GERMANY – Pension funds are “natural” investors in German road-building projects, according to a new report by Deutsche Bank – though it admits it may be hard to attract international institutions.
It said institutions such as pension funds, life insurers and local Pensionskassen are “prime candidates” for combining their long-term financial commitments with the long-term nature of infrastructure investments.
“In view of the weak state of the capital markets, such investors are currently on the lookout for investments other than plain vanilla deals,” the report states – citing portfolio shifts to hedge funds and private equity.
“Investments in suitable transport infrastructure offer low yield volatility and are less vulnerable than other investments to economic cycles,” Deutsche explains. It says such investments are “robust, low-volatility, defensive and long term” with attractive yields.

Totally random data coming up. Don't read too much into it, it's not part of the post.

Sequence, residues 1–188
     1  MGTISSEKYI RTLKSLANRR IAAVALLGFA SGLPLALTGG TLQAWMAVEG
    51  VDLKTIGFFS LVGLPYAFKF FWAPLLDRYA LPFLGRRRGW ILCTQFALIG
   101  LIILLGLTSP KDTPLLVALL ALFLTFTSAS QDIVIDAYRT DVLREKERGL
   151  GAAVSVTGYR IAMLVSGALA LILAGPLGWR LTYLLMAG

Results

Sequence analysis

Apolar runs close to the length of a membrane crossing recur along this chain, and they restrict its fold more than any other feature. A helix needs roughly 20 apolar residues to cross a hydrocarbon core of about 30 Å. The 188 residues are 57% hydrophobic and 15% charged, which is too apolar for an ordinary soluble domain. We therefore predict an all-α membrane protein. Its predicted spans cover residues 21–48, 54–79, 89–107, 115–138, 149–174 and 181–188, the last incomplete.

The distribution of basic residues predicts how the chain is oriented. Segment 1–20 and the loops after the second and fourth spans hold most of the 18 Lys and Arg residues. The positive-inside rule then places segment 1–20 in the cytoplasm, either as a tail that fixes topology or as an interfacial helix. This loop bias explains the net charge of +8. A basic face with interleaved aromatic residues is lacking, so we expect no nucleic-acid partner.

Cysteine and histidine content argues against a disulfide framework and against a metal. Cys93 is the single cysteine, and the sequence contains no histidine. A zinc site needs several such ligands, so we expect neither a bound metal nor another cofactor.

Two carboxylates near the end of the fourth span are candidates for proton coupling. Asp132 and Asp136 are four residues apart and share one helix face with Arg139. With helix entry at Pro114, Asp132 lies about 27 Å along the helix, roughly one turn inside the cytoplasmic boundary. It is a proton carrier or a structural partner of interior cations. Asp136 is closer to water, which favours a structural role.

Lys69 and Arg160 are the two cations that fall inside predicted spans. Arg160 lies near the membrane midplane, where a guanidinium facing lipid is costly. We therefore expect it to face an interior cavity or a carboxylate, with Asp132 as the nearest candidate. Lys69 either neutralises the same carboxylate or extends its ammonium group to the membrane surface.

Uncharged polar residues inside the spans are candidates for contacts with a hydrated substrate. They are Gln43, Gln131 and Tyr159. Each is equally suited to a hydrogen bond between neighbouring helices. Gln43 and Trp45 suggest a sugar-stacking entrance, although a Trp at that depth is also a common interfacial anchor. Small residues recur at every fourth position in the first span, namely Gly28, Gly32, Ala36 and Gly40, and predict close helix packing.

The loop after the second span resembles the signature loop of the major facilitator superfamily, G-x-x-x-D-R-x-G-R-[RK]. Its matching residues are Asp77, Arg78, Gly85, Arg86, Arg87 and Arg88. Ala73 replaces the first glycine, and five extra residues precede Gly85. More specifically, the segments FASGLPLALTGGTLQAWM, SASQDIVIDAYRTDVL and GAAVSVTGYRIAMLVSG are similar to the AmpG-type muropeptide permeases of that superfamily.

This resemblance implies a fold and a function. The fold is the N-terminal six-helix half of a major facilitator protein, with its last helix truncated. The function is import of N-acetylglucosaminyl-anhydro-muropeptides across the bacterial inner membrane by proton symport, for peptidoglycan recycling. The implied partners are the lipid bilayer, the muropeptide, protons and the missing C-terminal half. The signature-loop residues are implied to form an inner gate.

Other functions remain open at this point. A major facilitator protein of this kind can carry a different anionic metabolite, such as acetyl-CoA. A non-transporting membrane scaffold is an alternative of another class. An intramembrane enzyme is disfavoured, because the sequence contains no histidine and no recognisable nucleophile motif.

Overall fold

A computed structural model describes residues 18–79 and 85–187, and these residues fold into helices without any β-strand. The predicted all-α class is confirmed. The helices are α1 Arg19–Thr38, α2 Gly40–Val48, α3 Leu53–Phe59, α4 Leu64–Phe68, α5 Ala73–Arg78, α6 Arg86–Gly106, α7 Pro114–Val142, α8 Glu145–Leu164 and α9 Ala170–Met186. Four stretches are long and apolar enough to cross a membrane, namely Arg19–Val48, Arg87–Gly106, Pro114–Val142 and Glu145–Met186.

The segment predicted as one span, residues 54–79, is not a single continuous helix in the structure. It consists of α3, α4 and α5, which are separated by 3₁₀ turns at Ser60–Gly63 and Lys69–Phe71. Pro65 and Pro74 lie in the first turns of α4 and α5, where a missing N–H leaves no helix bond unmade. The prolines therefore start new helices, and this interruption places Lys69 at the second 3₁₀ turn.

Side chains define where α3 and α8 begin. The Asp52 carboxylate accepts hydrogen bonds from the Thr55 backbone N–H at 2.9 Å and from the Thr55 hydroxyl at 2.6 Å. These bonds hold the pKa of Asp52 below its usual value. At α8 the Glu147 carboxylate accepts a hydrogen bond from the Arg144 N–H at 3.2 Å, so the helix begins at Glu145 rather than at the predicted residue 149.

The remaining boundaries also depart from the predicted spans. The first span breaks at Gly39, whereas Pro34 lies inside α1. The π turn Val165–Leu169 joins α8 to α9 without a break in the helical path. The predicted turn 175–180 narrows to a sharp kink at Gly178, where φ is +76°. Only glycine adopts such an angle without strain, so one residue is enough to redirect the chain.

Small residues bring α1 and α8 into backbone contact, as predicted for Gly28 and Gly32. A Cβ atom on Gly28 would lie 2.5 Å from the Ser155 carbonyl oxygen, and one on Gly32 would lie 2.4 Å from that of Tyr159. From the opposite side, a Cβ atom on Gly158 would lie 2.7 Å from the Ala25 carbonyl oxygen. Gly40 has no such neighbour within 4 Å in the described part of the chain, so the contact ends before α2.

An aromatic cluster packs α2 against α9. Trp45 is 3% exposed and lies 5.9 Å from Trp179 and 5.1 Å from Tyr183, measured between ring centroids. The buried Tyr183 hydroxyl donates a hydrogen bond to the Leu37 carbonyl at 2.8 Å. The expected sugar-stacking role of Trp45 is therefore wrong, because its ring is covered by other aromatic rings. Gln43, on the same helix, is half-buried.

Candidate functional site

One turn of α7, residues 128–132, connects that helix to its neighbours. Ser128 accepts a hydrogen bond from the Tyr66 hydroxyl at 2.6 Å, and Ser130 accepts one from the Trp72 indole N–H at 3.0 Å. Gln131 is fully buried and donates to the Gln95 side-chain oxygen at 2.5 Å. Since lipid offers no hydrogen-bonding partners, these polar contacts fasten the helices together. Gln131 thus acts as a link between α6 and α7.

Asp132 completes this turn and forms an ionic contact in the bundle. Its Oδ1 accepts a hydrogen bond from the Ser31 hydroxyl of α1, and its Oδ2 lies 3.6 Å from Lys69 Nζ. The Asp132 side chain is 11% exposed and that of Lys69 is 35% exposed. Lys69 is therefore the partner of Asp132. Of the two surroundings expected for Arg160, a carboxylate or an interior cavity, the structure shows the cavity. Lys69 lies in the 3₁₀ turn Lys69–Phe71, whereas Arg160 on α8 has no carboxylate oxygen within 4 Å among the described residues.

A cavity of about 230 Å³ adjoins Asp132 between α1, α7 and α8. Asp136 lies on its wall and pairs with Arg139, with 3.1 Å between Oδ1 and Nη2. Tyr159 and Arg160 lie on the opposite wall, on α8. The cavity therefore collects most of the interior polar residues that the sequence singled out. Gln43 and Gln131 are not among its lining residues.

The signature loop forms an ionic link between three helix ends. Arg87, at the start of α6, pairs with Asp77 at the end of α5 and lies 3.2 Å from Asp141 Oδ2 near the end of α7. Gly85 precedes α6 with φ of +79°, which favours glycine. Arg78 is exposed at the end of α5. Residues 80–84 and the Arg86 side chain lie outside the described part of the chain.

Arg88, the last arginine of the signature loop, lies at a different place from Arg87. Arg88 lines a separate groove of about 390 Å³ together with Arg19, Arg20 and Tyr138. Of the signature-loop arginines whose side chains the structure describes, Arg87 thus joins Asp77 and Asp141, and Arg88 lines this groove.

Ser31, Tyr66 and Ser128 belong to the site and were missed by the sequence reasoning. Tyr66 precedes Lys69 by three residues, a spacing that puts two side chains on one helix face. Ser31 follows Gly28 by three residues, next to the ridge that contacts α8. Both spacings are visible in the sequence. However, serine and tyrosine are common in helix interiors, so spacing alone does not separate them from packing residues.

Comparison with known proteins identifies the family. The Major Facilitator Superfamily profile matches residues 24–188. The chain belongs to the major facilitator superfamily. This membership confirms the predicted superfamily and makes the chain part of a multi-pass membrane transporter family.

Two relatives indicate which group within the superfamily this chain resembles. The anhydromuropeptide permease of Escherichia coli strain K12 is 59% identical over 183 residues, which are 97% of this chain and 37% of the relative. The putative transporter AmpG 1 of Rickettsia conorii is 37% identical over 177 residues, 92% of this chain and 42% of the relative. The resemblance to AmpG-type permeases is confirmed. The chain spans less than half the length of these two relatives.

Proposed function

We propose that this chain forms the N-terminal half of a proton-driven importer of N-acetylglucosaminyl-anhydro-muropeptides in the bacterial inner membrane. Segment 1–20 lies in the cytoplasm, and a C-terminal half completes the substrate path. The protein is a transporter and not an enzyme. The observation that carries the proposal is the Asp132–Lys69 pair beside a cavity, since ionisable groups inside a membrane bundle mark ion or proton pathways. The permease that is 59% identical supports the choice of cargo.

But it saw a problem attracting international institutional investors due to the fact that few privately financed road projected have been completed in Germany. And the market needed to become more liquid.
Deutsche says planned road infrastructure projects in Germany could be “lucrative” for institutions and that it expects to sees growing interest from pension funds and life insurers. They were expected to be attracted by the so-called “A-model”, based around a toll on heavy goods vehicles taking autobahns.
And private investors may also be encouraged to participate, Deutsche adds. “Even though there are ‘natural’ categories of institutional investors such as pension funds or life insurers, private investors may also play a role in the medium term.”
It said private investors could be encouraged by closed-end or listed funds.
The report says German road expansion has fallen behind traffic growth – and that this is set to worsen with Germany’s geographic position in the expanding European Union.